Jersey Kidz sojourn to the New Museum of African-American History and Culture
Little Red | 7/5/2018, 10:20 a.m.
They watched the highly celebrated Black Panther movie on the way down.
The Popcorn Kidz, the children’s initiative of the Irvington chapter of the People’s Organization for Progress, under the leadership of Sandra Hayward, sojourned down to new Smithsonian National Museum of African-American History and Culture Saturday to cap an incredible academic year.
The groundbreaking museum is in such demand that it is now booked several years in advance. Kudos goes to the Thomas Colson Woody Foundation for being able to secure the reservation and the resources for the trip’s transportation.
True to its reputation, the deceptively massive museum proved absolutely too much to completely cover in one visit.
Councilwoman Donna K. Williams and her large, endearing and engaging presence could only give a small slice of the mammoth center on her live Facebook feeds, capturing a collection on the impact of hip-hop, a moving collection called “The Foundation of Faith” and one on the African-American Military contribution.
Williams is the driving force behind the foundation.
She also secured donations from area firefighters and other donors who chose to be anonymous.
Mother and daughter, Stephney and Shania Soreal, were both taken by the journey “down” into the facility, starting some 500 years ago with a slave ship and how each level up represented a century of history to embrace.
Stephney Soreal pointedly observed, “As painful as it was, the ascent to the upper floors and modern-day times relieved the sickness I felt in the pit of my stomach while visiting the slave ship.”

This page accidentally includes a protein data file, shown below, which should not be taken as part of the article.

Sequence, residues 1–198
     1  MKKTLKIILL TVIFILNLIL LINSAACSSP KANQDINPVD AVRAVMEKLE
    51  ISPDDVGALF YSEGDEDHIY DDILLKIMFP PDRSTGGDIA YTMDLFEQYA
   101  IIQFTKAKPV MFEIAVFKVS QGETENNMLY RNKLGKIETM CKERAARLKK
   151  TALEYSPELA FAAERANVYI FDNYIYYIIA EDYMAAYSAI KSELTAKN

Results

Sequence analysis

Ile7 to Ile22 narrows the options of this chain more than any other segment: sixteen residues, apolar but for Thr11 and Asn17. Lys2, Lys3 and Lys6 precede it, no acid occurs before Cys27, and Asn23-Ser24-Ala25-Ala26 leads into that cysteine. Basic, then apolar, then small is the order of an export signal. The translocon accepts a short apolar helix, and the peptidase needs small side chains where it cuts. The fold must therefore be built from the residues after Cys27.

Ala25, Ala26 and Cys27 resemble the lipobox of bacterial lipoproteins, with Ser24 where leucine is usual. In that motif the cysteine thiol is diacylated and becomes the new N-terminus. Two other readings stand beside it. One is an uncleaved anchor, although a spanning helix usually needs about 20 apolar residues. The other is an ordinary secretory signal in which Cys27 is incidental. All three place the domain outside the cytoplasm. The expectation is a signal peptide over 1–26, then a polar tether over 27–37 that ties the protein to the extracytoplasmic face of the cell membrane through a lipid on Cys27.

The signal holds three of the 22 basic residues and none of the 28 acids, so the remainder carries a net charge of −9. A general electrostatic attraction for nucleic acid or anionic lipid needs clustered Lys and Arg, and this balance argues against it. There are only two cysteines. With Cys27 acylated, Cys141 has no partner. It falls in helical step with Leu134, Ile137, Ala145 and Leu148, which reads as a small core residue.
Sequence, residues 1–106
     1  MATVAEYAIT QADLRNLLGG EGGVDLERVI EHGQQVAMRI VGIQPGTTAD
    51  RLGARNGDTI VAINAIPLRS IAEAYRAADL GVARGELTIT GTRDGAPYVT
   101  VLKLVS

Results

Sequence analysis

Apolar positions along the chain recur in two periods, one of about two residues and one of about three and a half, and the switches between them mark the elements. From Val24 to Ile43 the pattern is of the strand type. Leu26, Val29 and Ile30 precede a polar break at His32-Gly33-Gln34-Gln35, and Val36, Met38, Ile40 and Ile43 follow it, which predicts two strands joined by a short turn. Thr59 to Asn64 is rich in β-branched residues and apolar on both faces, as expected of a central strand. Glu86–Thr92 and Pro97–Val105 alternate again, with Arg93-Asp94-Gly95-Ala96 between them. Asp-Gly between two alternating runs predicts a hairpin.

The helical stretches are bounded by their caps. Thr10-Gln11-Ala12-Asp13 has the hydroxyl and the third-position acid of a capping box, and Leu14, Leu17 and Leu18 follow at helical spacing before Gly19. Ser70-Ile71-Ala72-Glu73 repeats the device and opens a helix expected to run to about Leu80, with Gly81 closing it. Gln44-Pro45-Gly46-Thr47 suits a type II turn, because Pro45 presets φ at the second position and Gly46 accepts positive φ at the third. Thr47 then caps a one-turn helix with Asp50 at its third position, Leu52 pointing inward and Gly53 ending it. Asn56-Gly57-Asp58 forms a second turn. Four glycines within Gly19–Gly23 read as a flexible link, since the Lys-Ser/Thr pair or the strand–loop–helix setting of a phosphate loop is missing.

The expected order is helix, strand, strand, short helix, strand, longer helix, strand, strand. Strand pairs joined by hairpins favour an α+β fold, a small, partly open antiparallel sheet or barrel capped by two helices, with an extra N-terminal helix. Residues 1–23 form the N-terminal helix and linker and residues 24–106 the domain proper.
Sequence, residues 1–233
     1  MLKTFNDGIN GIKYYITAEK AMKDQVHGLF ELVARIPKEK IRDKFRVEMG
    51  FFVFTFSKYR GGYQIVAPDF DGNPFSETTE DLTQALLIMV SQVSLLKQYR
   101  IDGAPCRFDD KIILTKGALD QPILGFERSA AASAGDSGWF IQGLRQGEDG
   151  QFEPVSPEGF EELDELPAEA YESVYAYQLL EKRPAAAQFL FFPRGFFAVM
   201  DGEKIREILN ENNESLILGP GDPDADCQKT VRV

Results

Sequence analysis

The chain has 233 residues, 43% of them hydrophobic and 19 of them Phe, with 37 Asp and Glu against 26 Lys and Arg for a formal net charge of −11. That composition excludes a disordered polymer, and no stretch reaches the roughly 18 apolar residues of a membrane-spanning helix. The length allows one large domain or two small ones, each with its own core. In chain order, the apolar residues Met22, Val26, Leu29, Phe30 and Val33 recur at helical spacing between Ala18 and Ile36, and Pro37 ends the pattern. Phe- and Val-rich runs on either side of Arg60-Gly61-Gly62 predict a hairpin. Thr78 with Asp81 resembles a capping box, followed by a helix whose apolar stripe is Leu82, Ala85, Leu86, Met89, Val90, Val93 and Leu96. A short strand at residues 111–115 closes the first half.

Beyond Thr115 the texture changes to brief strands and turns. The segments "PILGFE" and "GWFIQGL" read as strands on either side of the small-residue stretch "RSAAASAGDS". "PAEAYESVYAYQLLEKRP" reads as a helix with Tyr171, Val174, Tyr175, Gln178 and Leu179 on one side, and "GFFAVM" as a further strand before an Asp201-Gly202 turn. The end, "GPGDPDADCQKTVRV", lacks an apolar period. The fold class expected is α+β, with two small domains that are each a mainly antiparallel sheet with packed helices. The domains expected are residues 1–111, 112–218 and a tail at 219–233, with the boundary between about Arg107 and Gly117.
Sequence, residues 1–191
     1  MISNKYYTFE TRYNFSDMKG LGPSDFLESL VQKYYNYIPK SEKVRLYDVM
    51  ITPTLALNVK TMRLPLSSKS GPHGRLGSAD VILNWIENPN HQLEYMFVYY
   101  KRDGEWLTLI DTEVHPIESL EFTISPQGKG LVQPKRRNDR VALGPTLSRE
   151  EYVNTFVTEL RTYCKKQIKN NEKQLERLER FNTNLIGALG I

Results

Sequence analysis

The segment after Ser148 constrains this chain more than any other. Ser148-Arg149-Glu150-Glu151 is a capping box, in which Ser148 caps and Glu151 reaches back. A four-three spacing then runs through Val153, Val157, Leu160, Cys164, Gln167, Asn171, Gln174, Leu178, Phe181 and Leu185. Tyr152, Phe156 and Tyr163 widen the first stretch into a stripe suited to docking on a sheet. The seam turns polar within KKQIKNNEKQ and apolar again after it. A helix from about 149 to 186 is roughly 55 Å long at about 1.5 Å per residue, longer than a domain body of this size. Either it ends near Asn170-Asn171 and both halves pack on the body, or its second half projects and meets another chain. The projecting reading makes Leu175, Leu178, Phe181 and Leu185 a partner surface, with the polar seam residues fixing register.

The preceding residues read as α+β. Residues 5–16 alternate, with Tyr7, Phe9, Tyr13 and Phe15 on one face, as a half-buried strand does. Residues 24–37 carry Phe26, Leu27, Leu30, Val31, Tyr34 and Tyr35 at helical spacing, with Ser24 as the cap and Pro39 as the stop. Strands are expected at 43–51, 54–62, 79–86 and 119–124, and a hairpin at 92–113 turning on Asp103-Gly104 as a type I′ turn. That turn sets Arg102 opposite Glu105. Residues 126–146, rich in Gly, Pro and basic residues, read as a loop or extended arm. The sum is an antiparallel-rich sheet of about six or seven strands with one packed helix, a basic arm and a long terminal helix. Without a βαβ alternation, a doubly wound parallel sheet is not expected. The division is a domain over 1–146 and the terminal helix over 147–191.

Teenage Shania Soreal was also taken by the hurtful “Purpose of Stereotypes Exhibit” that chronicled the racist institutionalization of the African-American image in the 19th and early 20th century. It helped to learn of all of the stereotypes, but it felt better “knowing that they were not true.”
They were all taken by the incredible Emmitt Till Memorial, which featured Till’s actual casket.
Their history teacher, Zayid Muhammad, tried to prepare the delegation for the gravity of that exhibit by explaining to everybody how the lynching of the 14-year-old Till in 1955 was not only the reason that the epic March on Washington was held on Aug. 28, but also a brave, pivotal moment for the Black press when a then young Jet magazine dared to run photos of the young man’s horribly mangled corpse in support of his mother’s insistence on “letting everybody see” what they did to her son. That was the bleeding spark that made that generation begin to truly stand up to segregation.
They were not prepared for the stalwart former new Panther leader breaking down on encountering the casket: “They will violently sacrifice our children like it’s nothing. Imagine losing your own child like this, and the underground Klan network still makes young Black people disappear.”
Tamia McCormick, a young wellness advocate within P.O.P., summed up her experience by saying that the “trip was well coordinated and culturally nourishing.”
She continued, “I think everyone should take a trip to the African-American Museum and spend entire day there discovering our strength, ingenuity, perseverance and self-determination. It serves as a reminder for us to not simply survive, but to thrive no matter what we are going through.”
Hayward, moved by the students’ embrace of their history, added, “Learning has become fun again.”